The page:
APOE genotype is by orders of magnitude the strongest genetic risk factor for late-onset Alzheimer's disease (AD). The ?4 allele increases risk of AD by ~ 3.7 fold and 2 copies ~ 12 fold;the ?2 allele decreases risk by ~ 50%. Evidence strongly suggests that a major reason underlying these effects is related to the ability of the apoE protein to interact with the amyloid- (A) peptide and in an isoform-dependent fashion influence A clearance and aggregation. ApoE may also influence brain function and dysfunction via additional mechanisms such as influencing synaptic/network activity and lipid metabolism. It is not yet clear how to target apoE biology to develop therapeutic strategies. Our preliminary data suggest the hypothesis that apoE4, when present in the brain interstitial fluid (ISF), reduces A clearance and enhances A oligomerization/fibrillization, as well as synaptic damage. Increasing apoE2, E3, and E4 via gene delivery methods decreases, is neutral, or increases A aggregation and its associated toxicity. Decreasing the amount of toxic apoE/A complexes might serve as a therapeutic approach. In fact, our preliminary data utilizing monoclonal antibodies to apoE shows strong effects of decreasing A pathology and improving brain network function possibly via microglial-mediated clearance of A aggregates. We hypothesize that 1) decreasing A aggregation and toxicity may be possible by increasing apoE2 levels in the ISF of the brain;2) targeting apoE/A aggregates with anti-apoE antibodies may serve as a potential therapeutic approach;and 3) that apoE in the ISF and at the synapse may play important non-A related functions, which will be critical to understand in the context of any therapeutics based on an apoE mechanism.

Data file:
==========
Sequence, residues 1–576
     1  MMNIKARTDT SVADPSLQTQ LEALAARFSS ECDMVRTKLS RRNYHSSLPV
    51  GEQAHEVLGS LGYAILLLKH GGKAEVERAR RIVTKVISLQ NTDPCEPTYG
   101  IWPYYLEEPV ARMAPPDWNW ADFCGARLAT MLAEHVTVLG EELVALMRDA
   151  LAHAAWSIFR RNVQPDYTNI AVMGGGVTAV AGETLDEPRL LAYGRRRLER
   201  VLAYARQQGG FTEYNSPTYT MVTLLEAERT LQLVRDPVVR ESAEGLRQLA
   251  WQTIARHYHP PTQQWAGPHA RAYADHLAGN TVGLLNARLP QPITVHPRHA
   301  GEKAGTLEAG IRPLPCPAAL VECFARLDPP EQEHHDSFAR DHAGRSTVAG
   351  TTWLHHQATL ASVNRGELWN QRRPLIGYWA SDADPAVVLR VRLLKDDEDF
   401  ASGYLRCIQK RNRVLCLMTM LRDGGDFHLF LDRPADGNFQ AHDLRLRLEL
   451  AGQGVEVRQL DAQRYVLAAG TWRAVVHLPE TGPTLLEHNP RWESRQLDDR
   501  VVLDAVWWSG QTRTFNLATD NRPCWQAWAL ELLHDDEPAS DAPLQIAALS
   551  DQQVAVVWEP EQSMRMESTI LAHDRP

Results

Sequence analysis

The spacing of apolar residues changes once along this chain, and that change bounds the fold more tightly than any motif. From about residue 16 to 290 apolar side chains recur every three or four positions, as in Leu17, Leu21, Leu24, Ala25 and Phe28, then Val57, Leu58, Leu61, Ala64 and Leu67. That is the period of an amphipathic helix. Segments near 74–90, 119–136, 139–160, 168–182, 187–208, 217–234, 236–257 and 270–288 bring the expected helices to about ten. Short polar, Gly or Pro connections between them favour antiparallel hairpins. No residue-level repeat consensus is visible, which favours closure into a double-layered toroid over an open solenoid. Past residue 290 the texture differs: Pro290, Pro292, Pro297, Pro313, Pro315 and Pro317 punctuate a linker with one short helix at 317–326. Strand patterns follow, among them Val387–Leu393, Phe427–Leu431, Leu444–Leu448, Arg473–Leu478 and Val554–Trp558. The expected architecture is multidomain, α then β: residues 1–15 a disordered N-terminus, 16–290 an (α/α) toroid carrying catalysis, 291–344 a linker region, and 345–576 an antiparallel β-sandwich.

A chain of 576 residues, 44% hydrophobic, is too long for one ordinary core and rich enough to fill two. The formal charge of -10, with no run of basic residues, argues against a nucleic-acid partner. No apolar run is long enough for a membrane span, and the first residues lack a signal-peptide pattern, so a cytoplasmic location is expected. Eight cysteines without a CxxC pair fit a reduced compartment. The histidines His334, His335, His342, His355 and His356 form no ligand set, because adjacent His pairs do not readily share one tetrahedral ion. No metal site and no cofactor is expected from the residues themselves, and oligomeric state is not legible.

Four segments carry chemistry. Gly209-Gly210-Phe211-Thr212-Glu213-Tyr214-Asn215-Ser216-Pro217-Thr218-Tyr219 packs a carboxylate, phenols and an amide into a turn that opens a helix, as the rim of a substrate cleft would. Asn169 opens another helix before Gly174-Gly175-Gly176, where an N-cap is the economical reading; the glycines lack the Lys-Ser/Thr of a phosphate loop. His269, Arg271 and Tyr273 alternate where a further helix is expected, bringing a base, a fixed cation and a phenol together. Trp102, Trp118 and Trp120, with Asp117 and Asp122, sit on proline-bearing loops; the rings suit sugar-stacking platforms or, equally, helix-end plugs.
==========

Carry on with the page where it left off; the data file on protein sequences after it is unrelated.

The specific aims are: 1) To determine whether altering apoE isoform level in specific compartments in the brain influences A pathology and associated A-dependent brain dysfunction in an isoform-specific and A-dependent manner. 2) To explore the effects of anti-apoE antibodies and their mechanism of action in human APP transgenic (Tg) mice expressing human apoE isoforms. 3) To explore potential effects of apoE isoforms on synaptic structure/network function in human apoE knockin mice, wild-type, and apoE knockout mice +/- A.

Public Health Relevance

Alzheimer's disease is a major public health problem with no treatments that delay, slow, or prevent the disease. In this application, we are determining if we can target the major genetic risk factor for Alzheimer's disease, APOE, to enable new approaches to develop novel treatments.

Agency
National Institute of Health (NIH)
Institute
National Institute on Aging (NIA)
Type
Research Project (R01)
Project #
1R01AG047644-01A1
Application #
8779836
Study Section
Cell Death in Neurodegeneration Study Section (CDIN)
Program Officer
Refolo, Lorenzo
Project Start
2014-08-15
Project End
2019-04-30
Budget Start
2014-08-15
Budget End
2015-04-30
Support Year
1
Fiscal Year
2014
Total Cost
$594,614
Indirect Cost
$109,646
Name
Washington University
Department
Neurology
Type
Schools of Medicine
DUNS #
068552207
City
Saint Louis
State
MO
Country
United States
Zip Code
63130